​Data61 signs MoU to lift boardroom 'cyber literacy'

Data61 has partnered with the Australian Institute of Company Directors to educate boardroom members on how to best treat cybersecurity within their organisations.

CSIRO's Data61 has entered into a memorandum of understanding with the Australian Institute of Company Directors in a bid to lift the "digital and cyber literacy" of board members and company directors across the country.

The agreement will see both organisations jointly develop a cybersecurity education and training program expected to focus on achieving a greater understanding of cybersecurity by board members, how to perform appropriate risk management within an organisation, what the required investment on cybersecurity should be, and the opportunities for innovation that come from being "cyber-ready".

Adrian Turner, Data61 CEO, believes cybersecurity is a board-level issue. The Silicon Valley veteran said it is the board's responsibility to drive innovation and strategy which he said will result in positive leadership, a coherent strategy, and proactive information governance.

"Directors globally have expressed concern at the rapid pace of digital change, increased cyber threats, technical jargon, and associated risks as limiting their ability to appropriately fulfil their duties," Turner said.

"Advances in information and communications technology are enabling greater accessibility, mobility, convenience, efficiency, and productivity across almost all aspects of Australian life -- with national security, economic prosperity, and social well-being now dependent on IT and digitally-driven transformation."

Using the three principles of confidentiality, integrity, and availability of data, Data61 said the program will focus on corporate governance and its application to the way people interact with technology and each other.

"Whilst this heightened era of digital productivity and accessibility has created infinite opportunity, it has concurrently created new threats and vulnerabilities in the creation, storage, and utilisation of information," Turner said.

"These threats are significantly more than just cybersecurity related -- they also extend to the accuracy, integrity, and availability of information that is critical to both real-time human and automated decisions that affect our nation and people.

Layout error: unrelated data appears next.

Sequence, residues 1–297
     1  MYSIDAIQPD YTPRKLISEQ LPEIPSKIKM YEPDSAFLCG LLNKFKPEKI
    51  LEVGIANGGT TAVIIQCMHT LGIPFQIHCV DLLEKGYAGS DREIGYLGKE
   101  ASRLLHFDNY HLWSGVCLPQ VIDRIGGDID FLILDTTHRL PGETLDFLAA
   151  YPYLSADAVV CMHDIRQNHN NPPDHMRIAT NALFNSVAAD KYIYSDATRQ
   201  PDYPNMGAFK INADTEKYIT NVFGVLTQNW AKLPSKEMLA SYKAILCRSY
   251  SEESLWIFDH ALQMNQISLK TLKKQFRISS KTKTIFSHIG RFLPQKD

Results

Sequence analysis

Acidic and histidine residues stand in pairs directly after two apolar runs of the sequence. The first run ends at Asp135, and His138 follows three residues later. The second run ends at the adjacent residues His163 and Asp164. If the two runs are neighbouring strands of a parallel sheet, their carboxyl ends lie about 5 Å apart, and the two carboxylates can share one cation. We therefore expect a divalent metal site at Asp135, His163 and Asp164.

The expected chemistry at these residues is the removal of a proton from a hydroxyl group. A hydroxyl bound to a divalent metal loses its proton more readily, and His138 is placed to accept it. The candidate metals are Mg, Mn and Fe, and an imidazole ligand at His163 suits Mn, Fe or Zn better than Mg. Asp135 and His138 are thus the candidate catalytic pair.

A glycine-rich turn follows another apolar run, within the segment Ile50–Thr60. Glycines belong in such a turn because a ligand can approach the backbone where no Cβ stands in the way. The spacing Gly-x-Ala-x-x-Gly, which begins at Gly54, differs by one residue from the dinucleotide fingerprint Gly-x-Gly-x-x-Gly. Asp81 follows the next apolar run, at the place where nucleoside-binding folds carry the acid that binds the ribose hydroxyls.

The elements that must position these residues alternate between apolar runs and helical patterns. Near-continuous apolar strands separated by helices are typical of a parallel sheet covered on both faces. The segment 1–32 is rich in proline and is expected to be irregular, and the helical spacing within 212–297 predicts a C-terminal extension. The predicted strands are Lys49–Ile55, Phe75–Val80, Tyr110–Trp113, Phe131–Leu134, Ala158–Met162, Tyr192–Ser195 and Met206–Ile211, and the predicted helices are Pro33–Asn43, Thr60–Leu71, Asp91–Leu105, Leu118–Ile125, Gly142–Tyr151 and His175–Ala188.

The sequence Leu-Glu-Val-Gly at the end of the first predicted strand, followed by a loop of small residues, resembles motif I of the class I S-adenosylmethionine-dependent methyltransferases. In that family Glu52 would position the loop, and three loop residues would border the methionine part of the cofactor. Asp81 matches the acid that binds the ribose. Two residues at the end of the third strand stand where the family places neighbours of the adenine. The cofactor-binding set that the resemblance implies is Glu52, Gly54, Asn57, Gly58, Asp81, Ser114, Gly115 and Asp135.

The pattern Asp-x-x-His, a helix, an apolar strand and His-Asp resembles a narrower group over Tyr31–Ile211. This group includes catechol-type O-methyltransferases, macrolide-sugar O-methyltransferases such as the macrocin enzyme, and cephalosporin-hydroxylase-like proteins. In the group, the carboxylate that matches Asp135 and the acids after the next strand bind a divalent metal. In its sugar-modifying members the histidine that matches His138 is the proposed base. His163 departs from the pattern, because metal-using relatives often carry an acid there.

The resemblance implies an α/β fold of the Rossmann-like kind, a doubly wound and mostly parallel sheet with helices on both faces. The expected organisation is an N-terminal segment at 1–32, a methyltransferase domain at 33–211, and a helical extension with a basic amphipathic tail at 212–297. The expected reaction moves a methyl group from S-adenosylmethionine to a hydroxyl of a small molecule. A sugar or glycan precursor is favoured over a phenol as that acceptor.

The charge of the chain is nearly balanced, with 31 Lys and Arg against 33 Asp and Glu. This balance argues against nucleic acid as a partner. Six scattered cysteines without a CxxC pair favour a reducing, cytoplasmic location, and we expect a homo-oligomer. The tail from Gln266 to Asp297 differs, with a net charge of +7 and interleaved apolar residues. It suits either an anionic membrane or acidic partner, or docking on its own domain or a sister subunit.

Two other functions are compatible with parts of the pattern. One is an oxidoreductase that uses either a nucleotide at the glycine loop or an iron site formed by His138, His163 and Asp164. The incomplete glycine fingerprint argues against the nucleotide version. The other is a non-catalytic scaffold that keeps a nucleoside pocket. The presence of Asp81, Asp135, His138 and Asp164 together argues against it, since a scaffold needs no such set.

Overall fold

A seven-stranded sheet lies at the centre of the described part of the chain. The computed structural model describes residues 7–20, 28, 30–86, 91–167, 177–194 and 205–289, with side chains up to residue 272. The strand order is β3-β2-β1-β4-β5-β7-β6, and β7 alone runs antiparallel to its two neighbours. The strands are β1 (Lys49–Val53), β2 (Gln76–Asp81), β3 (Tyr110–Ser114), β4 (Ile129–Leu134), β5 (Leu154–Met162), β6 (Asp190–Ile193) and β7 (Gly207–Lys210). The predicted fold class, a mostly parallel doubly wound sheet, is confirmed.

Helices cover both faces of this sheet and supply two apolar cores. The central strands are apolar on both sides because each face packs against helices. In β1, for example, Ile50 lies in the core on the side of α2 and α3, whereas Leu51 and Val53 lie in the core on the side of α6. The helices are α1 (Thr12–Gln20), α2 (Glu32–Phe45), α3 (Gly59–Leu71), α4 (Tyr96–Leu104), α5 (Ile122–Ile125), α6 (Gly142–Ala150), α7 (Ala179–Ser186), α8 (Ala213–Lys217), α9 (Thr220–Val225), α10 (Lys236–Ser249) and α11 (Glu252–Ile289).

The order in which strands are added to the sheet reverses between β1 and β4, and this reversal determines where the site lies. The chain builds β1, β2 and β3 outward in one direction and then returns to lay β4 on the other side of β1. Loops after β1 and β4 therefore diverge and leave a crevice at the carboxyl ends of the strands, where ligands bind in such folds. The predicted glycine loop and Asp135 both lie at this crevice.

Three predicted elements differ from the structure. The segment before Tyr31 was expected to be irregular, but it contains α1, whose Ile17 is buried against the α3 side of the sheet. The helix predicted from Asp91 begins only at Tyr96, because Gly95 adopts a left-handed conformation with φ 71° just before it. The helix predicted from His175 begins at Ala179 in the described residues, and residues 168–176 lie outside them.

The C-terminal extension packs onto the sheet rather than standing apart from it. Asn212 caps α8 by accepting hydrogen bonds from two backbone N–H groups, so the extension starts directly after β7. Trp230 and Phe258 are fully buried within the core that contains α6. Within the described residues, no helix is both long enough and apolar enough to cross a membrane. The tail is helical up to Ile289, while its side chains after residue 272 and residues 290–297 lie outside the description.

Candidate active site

"There is a need for leadership to better understand the cyber threats and opportunities in our connected world."

The Australian Institute of Company Directors said it expects the new program to also complement initiatives under the Australian government's AU$240 million Cyber Security Strategy that was announced last week.

The strategy aims to defend the nation's networks from organised criminals and state-sponsored attackers, and sits alongside the AU$400 million provided in the Defence White Paper for cyber activities.

As part of the strategy, Prime Minister Malcolm Turnbull announced a Cyber Security Small Business Programme which will comprise of a grant for Council of Registered Ethical Security Testers (CREST) Australia and New Zealand to "scale-up" cybersecurity accreditation services for providers and expand the range of accreditation services they offer, as well as a one-off grant of AU$2,100 to access cybersecurity testing by providers accredited by CREST, which is only available for small businesses with fewer than 20 employees.

In December, Turnbull announced a AU$500 million investment in Australia's science sector under its AU$1.1 billion National Innovation and Science Agenda.

Under the agenda, Data61 is slated to receive AU$75 million to harness the "data revolution", which will see the organisation use data analytics to connect disparate government datasets and publicly release them on open data platforms; improve industry cybersecurity and develop new architectures; build a Data Research Network to link businesses with data researchers; and deliver data analytics training to improve data literacy in Australian businesses.

Earlier this month, Data61 signed a memorandum of understanding with Cyber London (CyLon) that will see Australia and the United Kingdom share expertise, resources, and capital to accelerate cybersecurity innovation in each country.

Under the agreement, the two organisations will develop programs for improved "cyber skills and governance"; launch a CyLon accelerator program in Australia; and support and commercialise new ideas, including building a physical and virtual environment in each country to showcase "cyber innovation and solutions" to prospective partners or buyers.